Use this URL to cite or link to this record in EThOS: http://ethos.bl.uk/OrderDetails.do?uin=uk.bl.ethos.718638
Title: Deleuze and the author
Author: Kennedy, Niall
Awarding Body: Kingston University
Current Institution: Kingston University
Date of Award: 2016
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Abstract:
This thesis argues that Gilles Deleuze, as philosopher, reader, and critic, recognised the central importance of a defined authorial subjectivity, closely associated with a philosophical or intellectual project, and that his analyses of philosophy, literature, visual art and cinema were shaped and determined by his recognition of that authority. In this respect, my reading challenges those critics who find in the work of Deleuze an assault on ‘author-centric’ interpretations of texts, and more generally on the concept of a unified self, and which uphold experimentation on the part of the reader or critic rather than interpretation. I argue that Deleuze has a coherent and meaningful conception of an author as a consciousness which persists through time, learns, plans and makes projects, differentiates itself from the work of other authors, is inspired and creative, takes positions in relation to the inheritance of artistic and philosophical traditions, and which is capable of entering into collaboration with others. Through close reading of Deleuze’s texts, I demonstrate that he consistently relies on the authorial function to impose unity and coherence on the distinctive - and often remarkable - body of work of an individual theorist or practitioner. I argue that the historical, political and social situation of an author is of great importance to the analysis of a text. Finally, unlike Roland Barthes or other critics invested in the ‘death’ or displacement of the author, I argue that Deleuze considers the competing interpretations of a text advanced by the reader or spectator to be of little or no importance.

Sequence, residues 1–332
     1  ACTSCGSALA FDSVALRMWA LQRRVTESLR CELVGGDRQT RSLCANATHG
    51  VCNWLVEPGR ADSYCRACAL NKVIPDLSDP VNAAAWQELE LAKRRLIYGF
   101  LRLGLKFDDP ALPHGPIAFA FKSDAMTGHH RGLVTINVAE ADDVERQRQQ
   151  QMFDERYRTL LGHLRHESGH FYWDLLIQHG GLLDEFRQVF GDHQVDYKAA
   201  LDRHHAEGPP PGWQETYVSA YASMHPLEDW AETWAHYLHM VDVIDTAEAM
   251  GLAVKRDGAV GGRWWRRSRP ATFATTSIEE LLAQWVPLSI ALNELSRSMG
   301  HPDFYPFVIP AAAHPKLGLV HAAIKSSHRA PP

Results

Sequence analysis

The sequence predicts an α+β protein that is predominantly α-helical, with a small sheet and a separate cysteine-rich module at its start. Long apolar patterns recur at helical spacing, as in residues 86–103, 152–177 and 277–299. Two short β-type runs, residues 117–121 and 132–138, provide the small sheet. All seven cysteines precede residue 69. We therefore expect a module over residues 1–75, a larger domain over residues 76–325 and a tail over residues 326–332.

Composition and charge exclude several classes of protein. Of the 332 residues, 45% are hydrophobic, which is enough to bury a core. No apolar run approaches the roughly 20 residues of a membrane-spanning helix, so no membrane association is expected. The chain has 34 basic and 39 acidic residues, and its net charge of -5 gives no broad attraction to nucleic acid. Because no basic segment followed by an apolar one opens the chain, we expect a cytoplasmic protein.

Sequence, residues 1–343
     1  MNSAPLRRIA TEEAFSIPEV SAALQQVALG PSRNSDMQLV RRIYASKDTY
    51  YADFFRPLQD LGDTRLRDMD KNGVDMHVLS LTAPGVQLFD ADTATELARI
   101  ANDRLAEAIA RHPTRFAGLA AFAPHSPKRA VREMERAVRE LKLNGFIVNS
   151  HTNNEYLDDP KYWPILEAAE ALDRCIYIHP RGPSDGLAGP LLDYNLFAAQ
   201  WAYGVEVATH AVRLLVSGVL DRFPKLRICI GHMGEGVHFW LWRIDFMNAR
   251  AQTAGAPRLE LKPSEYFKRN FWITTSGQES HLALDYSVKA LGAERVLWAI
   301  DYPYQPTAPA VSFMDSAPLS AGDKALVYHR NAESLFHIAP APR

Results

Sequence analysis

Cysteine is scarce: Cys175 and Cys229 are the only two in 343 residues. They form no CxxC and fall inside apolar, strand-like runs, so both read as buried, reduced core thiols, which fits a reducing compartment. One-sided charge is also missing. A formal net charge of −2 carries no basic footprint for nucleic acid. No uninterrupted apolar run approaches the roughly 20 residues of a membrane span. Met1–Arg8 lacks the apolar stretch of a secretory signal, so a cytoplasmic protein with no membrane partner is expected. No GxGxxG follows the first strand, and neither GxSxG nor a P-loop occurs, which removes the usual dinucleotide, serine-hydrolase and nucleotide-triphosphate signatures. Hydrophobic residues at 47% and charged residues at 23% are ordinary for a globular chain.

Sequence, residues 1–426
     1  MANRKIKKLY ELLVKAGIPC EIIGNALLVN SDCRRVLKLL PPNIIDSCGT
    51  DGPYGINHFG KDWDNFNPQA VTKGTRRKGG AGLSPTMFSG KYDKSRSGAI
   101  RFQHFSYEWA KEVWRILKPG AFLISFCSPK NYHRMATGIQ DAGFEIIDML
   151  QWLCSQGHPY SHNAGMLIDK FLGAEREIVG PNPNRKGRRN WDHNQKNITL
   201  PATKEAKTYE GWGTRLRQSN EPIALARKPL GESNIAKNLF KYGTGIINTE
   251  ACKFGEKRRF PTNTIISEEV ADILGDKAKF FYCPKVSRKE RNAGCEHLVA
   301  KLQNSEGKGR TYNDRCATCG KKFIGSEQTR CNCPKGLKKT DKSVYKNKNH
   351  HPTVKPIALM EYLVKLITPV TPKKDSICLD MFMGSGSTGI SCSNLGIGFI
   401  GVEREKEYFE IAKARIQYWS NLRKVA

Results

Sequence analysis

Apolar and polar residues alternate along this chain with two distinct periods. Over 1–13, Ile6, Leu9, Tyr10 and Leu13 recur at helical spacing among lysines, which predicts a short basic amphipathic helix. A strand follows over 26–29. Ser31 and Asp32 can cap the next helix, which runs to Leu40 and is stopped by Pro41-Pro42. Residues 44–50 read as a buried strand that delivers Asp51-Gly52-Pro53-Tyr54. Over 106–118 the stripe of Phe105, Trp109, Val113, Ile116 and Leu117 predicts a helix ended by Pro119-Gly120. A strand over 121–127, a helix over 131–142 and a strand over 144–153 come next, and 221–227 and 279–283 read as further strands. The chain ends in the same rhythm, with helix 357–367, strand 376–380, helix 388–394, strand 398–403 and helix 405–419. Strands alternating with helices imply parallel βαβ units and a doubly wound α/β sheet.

Supervisor: Not available Sponsor: Not available
Qualification Name: Thesis (Ph.D.) Qualification Level: Doctoral
EThOS ID: uk.bl.ethos.718638  DOI: Not available
Keywords: Philosophy
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